Authorities reported Saturday that after mysteriously arriving, a metal monolith that was discovered last week by Utah public safety staff is now gone.
The three-party metal structure was removed from the public area by an “unknown party” on Friday evening, the Utah Office of the Federal Bureau of Land Management said in a statement.
The bureau said it had not removed the monolith, which it considers “personal property”.
The Utah Department of Public Safety said Monday that it had found the item while surveying for Bingor sheep.
“He’s gone!” The Department of Public Safety said in an Instagram post reacting to the news. The department said “almost as quickly as it has now vanished,” adding that “I can only speculate” that the aliens withdrew it, using emojis for extraterrestrials.
“Maybe it will stop coming to us in Canada !!” One person commented.
It was a mystery how the monolith was set up in the first place. Lt. Nick Street, a spokesman for the Department of Public Safety, said the monolith had penetrated the cliff.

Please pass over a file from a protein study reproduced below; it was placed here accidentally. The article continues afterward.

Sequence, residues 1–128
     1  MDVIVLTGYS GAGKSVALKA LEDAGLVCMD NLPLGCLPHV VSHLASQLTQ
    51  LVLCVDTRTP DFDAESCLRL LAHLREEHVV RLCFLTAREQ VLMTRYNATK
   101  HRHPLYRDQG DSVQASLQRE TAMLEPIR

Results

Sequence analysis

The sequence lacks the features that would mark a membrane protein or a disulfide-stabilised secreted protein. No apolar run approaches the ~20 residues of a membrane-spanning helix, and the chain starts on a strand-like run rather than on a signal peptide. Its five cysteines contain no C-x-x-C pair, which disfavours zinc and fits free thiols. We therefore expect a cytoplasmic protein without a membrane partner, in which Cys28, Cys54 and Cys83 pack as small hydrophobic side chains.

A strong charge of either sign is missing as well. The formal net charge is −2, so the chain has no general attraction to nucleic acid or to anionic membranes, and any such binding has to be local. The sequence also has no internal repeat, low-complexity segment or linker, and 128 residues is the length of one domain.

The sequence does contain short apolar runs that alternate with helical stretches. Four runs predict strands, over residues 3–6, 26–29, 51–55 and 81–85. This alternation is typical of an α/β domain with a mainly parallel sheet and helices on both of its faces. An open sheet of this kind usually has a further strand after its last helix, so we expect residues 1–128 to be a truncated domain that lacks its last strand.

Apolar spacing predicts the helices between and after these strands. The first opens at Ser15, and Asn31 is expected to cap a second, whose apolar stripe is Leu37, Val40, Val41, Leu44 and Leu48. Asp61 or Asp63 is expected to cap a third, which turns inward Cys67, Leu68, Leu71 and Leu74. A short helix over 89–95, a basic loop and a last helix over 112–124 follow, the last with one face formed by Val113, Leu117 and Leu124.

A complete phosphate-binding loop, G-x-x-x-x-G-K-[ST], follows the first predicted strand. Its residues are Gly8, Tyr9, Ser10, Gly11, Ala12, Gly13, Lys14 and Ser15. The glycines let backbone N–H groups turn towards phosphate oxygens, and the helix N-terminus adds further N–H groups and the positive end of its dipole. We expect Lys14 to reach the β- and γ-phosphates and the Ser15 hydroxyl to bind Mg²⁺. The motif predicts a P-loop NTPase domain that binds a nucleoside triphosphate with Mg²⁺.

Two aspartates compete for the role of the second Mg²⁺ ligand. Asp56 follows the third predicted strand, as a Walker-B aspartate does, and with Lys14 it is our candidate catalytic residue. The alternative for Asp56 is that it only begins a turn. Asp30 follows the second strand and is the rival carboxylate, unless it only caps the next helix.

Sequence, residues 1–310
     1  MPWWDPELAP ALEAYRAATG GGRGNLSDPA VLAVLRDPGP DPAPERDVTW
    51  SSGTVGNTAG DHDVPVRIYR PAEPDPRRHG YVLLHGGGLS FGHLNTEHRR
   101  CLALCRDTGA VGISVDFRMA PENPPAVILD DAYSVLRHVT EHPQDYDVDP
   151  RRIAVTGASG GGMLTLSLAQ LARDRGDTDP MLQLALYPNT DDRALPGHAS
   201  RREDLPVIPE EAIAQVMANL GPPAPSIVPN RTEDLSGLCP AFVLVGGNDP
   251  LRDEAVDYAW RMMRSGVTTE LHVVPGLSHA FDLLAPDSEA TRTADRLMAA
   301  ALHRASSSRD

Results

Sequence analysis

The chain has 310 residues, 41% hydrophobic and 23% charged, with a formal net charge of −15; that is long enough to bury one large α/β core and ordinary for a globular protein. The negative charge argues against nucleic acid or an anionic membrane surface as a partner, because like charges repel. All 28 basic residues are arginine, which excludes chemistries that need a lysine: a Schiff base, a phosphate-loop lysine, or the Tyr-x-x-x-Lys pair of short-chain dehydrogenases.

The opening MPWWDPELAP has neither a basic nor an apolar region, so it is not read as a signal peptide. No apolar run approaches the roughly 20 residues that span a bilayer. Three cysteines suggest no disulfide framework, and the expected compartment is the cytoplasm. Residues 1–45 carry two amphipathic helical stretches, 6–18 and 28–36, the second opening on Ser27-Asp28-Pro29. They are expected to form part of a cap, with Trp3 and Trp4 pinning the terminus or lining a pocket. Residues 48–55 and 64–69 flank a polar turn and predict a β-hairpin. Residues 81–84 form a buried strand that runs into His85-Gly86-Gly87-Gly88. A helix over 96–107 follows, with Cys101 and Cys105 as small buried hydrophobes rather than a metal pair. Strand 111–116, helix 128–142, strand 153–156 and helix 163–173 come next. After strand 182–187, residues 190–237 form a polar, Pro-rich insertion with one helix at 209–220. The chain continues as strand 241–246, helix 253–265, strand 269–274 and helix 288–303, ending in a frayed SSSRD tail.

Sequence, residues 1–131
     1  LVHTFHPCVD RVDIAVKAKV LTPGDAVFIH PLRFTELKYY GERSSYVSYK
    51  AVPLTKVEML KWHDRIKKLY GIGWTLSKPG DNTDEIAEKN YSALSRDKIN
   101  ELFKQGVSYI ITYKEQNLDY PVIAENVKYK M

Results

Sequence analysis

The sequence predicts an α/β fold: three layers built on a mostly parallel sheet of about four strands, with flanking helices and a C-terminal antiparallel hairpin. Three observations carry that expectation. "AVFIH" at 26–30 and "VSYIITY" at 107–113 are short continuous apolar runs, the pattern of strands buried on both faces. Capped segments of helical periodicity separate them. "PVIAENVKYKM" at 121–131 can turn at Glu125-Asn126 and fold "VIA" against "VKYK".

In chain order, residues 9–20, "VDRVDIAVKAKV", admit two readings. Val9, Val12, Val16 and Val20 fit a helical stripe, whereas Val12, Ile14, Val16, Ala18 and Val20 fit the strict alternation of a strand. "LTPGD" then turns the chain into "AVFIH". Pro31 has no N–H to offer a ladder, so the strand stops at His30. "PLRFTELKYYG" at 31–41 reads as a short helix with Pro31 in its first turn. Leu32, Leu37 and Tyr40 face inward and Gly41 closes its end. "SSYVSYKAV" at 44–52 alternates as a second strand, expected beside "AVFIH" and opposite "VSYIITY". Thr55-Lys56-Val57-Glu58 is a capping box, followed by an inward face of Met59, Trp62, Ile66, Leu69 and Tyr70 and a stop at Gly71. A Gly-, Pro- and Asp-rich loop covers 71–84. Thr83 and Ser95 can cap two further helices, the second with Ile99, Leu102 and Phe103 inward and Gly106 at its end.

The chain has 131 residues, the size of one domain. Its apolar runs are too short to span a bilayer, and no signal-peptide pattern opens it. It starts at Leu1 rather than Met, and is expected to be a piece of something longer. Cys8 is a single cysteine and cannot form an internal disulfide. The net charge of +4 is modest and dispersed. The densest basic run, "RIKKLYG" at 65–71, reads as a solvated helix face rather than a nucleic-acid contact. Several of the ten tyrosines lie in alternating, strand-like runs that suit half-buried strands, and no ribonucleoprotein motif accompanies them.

“Someone used a concrete cutting tool or something to really dig, almost to the exact shape of the object, and to embed it really well,” he said. “It’s weird. There are roads nearby, but the material has to be hauled in to cut the rock, and haul the metal, which is over 12 feet long in squares – to do it all in that remote place of course. Interesting. “
Officials said the structure was at most a work of art and its installation on public lands was illegal. It was not clear who placed it where and when – but the art world quickly surmised that it was the work of science fiction sculptor John McCracken. He died in 2011.
His son, Patrick McCracken, told The New York Times this week that his father told him in 2002 that “he would like to leave his artwork in remote locations to be discovered later.”
While officials refused to disclose the location of the monolith, some people tracked it down. David Surber, who visited the structure this week and posted videos of it on Instagram, said it was located near Lockhart Basin Road, which is south of Moab.
The Bureau of Land Management said it would not investigate the disappearance because “crimes involving personal property” are managed by the local sheriff office. San Juan and Grand County Sheriff’s offices did not immediately respond to requests for comment.
Mr. Surber, who trekked the monolith, posted on its Instagram Story on Saturday night about its disappearance. “Apparently unbroken is gone,” he said. “Nature returns to her natural state, I think.”